Prosecutors Say Tennessee School Bus Driver Was on Phone During Fatal Crash

December 19, 2017 Updated: December 19, 2017

A prosecutor on Tuesday, Dec. 19, alleged that the driver in a deadly school bus crash in Tennessee took his phone out during the time of the accident.

The crash took place last year in Chattanooga, killing six elementary school students.

County District Attorney General Neal Pinkston said in court Tuesday that Johnthony Walker got a phone call at 3:17 p.m. that lasted almost four minutes. Pinkston said the first 911 call about the accident came at around 3:20 p.m., according to the Chattanooga Times Free Press.

Officials also said that Walker was speeding in the November 2016 crash. There were 37 kids on board.

Walker, 25, faces 34 charges, including six counts of vehicular homicide.

He appeared in court on Tuesday, where prosecutors revealed their first pieces of evidence that he was on his phone. Several family members of the victims appeared in court, Newschannel 9 reported.

A reporter with Newschannel 9 said that moments after the hearing, one of the mothers of the slain children walked out and screamed: “They don’t give a [expletive] about our children!” She wouldn’t elaborate on what happened.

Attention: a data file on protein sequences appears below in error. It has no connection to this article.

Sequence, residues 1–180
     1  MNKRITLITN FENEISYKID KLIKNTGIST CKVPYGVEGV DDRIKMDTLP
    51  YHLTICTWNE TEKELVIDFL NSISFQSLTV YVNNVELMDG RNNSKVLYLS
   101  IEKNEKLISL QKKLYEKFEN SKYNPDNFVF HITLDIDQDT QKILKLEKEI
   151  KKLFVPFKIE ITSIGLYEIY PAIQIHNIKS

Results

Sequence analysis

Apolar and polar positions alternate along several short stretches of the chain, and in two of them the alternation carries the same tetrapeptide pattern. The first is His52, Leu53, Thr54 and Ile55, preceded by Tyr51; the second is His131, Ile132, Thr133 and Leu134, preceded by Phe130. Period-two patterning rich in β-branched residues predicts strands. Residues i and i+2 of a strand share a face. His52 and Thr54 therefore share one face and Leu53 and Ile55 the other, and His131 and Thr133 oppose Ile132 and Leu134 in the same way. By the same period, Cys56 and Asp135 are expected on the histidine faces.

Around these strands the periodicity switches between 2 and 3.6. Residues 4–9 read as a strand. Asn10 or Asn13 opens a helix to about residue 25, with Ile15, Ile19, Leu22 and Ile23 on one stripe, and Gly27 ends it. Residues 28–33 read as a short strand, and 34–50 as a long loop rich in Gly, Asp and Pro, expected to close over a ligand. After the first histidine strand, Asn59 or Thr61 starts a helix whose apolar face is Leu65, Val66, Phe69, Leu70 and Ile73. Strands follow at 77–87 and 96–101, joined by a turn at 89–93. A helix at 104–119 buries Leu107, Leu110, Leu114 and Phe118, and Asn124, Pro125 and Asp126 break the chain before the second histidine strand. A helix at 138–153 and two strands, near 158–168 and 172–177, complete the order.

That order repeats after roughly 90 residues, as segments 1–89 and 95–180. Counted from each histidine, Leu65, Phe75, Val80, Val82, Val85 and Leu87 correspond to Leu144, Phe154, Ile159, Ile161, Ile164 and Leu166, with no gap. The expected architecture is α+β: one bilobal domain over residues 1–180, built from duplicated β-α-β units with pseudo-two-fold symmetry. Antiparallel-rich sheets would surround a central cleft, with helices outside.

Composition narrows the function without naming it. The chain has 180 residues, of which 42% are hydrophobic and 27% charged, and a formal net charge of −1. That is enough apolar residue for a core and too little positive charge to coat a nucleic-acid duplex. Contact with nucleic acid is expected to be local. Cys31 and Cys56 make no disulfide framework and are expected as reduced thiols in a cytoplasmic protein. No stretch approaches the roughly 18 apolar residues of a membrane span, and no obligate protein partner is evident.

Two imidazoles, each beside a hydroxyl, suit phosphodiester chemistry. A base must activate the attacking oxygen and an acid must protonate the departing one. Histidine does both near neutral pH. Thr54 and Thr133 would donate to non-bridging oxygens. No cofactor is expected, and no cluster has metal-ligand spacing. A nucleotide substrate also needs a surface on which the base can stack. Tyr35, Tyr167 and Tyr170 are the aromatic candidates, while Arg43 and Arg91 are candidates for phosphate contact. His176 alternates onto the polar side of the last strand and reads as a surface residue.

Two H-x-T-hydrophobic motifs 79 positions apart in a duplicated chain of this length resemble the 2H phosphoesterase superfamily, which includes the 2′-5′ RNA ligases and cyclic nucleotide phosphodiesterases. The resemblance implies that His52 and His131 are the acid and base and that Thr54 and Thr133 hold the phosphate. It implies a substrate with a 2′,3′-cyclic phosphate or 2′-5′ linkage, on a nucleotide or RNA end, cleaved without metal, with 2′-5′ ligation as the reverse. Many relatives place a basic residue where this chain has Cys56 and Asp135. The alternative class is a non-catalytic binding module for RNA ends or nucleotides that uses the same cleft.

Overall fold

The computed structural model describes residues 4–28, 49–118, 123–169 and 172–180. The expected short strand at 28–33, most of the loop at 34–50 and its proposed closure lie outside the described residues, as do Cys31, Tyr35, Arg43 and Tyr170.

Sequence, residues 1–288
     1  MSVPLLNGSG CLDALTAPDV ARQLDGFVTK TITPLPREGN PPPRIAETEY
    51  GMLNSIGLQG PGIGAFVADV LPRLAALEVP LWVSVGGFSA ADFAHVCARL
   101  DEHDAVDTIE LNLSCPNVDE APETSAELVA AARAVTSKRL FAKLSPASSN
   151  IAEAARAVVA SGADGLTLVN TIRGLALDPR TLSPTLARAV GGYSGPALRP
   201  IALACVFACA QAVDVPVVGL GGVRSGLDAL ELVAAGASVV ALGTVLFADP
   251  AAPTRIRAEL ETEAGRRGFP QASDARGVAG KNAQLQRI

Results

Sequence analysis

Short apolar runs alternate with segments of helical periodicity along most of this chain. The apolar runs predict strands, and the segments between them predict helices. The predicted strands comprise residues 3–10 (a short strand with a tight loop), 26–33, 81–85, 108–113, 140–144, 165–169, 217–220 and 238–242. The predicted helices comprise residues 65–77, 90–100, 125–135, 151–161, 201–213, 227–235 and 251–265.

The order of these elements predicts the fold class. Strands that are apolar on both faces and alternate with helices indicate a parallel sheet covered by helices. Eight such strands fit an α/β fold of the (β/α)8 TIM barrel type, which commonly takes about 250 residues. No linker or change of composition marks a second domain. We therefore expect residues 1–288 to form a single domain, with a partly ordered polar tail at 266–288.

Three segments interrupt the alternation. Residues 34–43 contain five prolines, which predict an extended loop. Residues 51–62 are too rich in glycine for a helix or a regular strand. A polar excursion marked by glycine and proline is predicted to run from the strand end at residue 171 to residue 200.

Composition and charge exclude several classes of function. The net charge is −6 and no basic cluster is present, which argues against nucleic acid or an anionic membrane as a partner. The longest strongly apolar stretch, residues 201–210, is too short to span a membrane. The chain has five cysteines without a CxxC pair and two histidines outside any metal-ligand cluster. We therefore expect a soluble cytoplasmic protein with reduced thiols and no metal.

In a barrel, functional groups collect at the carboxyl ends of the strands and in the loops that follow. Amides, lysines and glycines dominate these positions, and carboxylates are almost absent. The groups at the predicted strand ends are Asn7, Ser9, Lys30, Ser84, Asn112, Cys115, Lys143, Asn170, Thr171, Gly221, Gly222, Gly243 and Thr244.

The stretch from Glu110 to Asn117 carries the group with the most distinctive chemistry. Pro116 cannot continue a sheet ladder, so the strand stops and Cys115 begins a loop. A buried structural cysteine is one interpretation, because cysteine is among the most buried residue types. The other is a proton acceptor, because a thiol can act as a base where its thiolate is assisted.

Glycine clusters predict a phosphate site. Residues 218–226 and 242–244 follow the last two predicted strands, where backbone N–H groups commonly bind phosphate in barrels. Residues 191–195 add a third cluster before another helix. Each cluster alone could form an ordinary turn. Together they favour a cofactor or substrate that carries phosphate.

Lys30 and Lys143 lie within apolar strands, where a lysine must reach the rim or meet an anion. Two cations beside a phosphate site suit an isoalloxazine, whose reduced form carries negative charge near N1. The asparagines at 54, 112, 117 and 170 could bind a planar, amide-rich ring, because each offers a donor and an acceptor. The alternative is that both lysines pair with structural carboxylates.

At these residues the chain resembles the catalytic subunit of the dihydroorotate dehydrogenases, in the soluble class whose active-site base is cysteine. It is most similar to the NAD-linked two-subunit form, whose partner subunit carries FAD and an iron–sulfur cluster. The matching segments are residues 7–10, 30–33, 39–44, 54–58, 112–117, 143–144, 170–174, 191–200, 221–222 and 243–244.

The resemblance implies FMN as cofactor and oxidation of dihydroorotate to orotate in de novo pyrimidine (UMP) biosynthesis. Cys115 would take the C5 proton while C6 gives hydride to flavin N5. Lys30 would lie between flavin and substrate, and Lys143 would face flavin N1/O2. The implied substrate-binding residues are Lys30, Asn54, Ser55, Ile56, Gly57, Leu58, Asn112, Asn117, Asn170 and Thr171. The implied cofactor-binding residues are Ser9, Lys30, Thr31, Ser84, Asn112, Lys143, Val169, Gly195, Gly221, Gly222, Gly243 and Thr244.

Meanwhile, prosecutors said they received a draft of the final National Transportation Safety Board report, a spokeswoman confirmed today, though it’s unclear what it actually says, according to the Times Free Press.

“Yes, we have a draft report,” spokeswoman Melydia Clewell confirmed to the paper. “It is not finalized and is not public record until the NTSB board votes on it.”

He posted bond and is out of jail, awaiting a trial date for Feb. 27, 2018.

Judge Don Poole also announced that he would quash a public records request from a Nashville media company for Walker’s jailhouse phone calls from 2016, according to the Times Free Press.

Last year, a federal lawsuit was filed against Walker, saying he had a “sadistic” habit of driving recklessly and slamming the brakes to punish children, The Epoch Times reported.

“This horror was foreseeable, predictable and preventable,” the lawsuit said, according to the Chattanooga Times Free Press.